Singhal is a presidential research scholar and professor of interpersonal communications at Ohio University.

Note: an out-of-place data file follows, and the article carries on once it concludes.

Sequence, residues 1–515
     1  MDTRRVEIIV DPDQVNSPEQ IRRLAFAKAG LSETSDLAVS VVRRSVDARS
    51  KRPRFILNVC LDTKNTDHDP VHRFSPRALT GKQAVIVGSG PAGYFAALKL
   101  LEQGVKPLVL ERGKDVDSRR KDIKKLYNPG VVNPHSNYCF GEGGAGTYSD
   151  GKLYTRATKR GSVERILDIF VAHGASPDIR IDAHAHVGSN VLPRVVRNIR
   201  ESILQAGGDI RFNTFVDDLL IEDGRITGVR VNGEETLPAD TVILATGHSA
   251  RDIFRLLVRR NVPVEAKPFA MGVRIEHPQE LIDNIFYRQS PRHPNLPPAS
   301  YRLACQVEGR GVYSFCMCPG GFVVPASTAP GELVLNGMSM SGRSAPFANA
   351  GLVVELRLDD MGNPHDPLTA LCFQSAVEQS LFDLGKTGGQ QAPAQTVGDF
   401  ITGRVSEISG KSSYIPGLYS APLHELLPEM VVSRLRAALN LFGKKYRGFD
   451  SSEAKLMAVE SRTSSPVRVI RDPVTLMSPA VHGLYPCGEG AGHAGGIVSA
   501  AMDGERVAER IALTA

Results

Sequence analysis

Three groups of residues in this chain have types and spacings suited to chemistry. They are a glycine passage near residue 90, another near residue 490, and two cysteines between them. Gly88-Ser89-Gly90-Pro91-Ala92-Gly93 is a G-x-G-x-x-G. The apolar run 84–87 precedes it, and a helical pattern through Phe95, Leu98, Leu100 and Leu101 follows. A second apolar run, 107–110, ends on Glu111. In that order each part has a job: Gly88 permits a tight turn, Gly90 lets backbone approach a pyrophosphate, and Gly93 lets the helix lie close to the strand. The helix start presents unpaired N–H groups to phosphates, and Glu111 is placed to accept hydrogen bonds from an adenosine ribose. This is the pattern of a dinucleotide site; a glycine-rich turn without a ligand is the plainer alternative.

Dr. Arvind Singhal is the Samuel Shirley and Edna Holt Marston Endowed Professor of Communication and Director of the Social Justice Initiative in The University of Texas at El Paso's Department of Communication. He is also appointed, since 2009-2010, as the William J. Clinton Distinguished Fellow at the Clinton School of Public Service, University of Arkansas at Little Rock, Arkansas. Singhal teaches and conducts research in the diffusion of innovations, the Positive Deviance approach, organizing for social change, the entertainment-education strategy, and liberating interactional structures. Singhal is co-author or editor of 12 previous books, including Health Communication in the 21st Century (2014); Inviting Everyone: Healing Healthcare through Positive Deviance (2010); and Protecting Children from Exploitation and Trafficking: Using the Positive Deviance Approach (2009). In addition, Singhal has authored some 175 peer-reviewed essays in journals of communication, public health, and social change and won over two dozen international and national awards. Prucia Buscell is a former newspaper reporter and freelance writer who is now communications director of Plexus Institute. She won several awards for writing public service, investigative and women's interest news stories in New Jersey. In her work at Plexus she has written extensively about complexity science and the use of Positive Deviance in healthcare and organizational change. She coauthored Inviting Everyone: Healing Healthcare through Positive Deviance. Curt Lindberg is Director of the Billings Clinic Partnership for Complex Systems and Healthcare Innovation and Principal in Partners in Complexity. Lindberg earned a doctorate in complexity and organizational change from University of Hertfordshire, United Kingdom, and studied under Ralph Stacey. Lindberg has played an important role in bringing complexity science concepts into healthcare and written numerous articles and coauthored several books, including Edgeware: Lessons From Complexity Science for Health Care Leaders and On the Edge: Nursing in the Age of Complexity. In 2004 he helped introduce Positive Deviance (PD) into healthcare and subsequently served as Principal Investigator on the first multi-hospital application in the U.S. He has served as an advisor on PD projects in the U.S., Canada and South America on such issues as blood stream infection prevention, palliative care, MRSA prevention, and pain management.